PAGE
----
Dr. Kathleen Lamkin-Kennard received a B.S. in Physics from Worcester Polytechnic Institute and M.S. and Ph.D. in Biomedical Engineering from Drexel University. She also spent four years doing research and development for a commercially available, robotic human patient simulator.
Dr. Lamkin-Kennard's graduate work focused on development of a non-linear, coupled, diffusion-reaction model to simulate nitric oxide release, transport, and mechanisms of action in cylindrical microvessels. The model solved multiple, dynamic, non-linear PDEs describing blood flow and mass transport and reaction kinetics of multiple chemical species using finite element methods. After completion of her Ph.D., Dr. Lamkin-Kennard was a post-doctoral researcher at the University of Rochester. She received a National Institutes of Health Kirchstein post-doctoral National Research Scholar Award (NRSA) to develop a 3-D computational microhydrodynamics model of rolling and adhering neutrophils in a cylindrical geometry. Her research there also involved evaluating the effects of hydrodynamics in complex vessel geometries on cellular adhesion and microcirculatory flow profiles.
Dr. Lamkin-Kennard's specific areas of expertise include biofluid dynamics and transport phenomena, biomedical computation and numerical methods, biomaterials, and integrated multiphysics systems modeling, particularly related to microcirculatory, cardiovascular, and cellular systems biology. Within the Mechanical Engineering Department, she has taught Introduction to Biomaterials, System Dynamics, and Mathematics for Engineers I and II courses. She has also supervised numerous Senior Design and M.S. thesis projects. She is also an Affiliated Faculty member for the Biomedical Engineering Program and an Extended Faculty member for the Microsystems Engineering Ph.D. Program.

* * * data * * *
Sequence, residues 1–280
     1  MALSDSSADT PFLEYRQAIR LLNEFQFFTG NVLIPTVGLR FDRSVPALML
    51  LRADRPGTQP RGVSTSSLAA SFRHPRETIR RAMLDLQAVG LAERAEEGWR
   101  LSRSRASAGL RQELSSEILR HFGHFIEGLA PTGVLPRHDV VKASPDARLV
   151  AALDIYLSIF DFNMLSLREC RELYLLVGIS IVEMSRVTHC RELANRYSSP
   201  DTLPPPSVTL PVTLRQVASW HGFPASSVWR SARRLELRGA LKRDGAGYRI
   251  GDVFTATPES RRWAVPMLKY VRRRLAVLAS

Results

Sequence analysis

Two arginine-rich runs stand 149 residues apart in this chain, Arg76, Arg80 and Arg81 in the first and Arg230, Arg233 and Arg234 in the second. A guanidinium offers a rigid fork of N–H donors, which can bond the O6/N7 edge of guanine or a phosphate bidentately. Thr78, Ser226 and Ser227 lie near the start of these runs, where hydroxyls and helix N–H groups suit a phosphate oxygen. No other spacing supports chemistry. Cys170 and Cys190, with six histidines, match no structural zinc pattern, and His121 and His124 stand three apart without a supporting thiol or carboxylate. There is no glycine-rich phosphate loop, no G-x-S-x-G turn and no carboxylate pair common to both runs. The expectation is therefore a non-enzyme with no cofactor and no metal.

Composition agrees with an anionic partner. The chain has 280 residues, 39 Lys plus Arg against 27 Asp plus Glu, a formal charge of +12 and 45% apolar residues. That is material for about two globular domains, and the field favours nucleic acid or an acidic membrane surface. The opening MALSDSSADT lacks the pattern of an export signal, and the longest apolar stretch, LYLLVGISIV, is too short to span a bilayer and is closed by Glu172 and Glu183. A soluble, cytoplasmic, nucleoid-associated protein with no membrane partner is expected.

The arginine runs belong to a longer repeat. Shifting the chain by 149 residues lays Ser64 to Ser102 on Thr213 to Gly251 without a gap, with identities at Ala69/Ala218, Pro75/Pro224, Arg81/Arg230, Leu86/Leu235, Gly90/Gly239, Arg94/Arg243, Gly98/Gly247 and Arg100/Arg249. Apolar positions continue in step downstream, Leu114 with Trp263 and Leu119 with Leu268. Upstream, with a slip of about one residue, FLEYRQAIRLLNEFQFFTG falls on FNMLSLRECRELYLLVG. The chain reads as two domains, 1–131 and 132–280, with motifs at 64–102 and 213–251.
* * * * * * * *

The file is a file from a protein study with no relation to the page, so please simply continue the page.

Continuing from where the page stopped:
Dr. Lamkin-Kennard’s research focuses on the use of computational and physical models to simulate integrated human physiological systems. Her primary research area utilizes a combination of multiphysics modeling and experimental studies in custom fabricated microchannels to evaluate the effects of microhydrodynamics and transport phenomena on microcirculatory processes and disease states. Specific areas under investigation include the effects of complex vessel geometries and associated fluid dynamics on cellular adhesion and the role of ischemia-reperfusion in glaucoma. A second area of research focuses on the development and application of novel robotic actuators and sensors for biomimetic robotics and assistive device applications. Two particular areas of interest involve the use of McKibben style air muscles for robotic applications and characterization and testing of electroactive polymer materials for biomedical applications.